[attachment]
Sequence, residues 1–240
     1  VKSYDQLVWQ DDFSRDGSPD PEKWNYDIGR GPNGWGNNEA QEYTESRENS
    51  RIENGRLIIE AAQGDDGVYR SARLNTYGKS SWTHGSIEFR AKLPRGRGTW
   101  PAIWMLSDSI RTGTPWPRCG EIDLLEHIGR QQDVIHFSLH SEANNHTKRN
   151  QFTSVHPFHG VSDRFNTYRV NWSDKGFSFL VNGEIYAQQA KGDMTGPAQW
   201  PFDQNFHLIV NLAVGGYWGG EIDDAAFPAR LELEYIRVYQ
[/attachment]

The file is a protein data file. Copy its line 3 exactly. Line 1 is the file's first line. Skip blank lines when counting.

    51  RIENGRLIIE AAQGDDGVYR SARLNTYGKS SWTHGSIEFR AKLPRGRGTW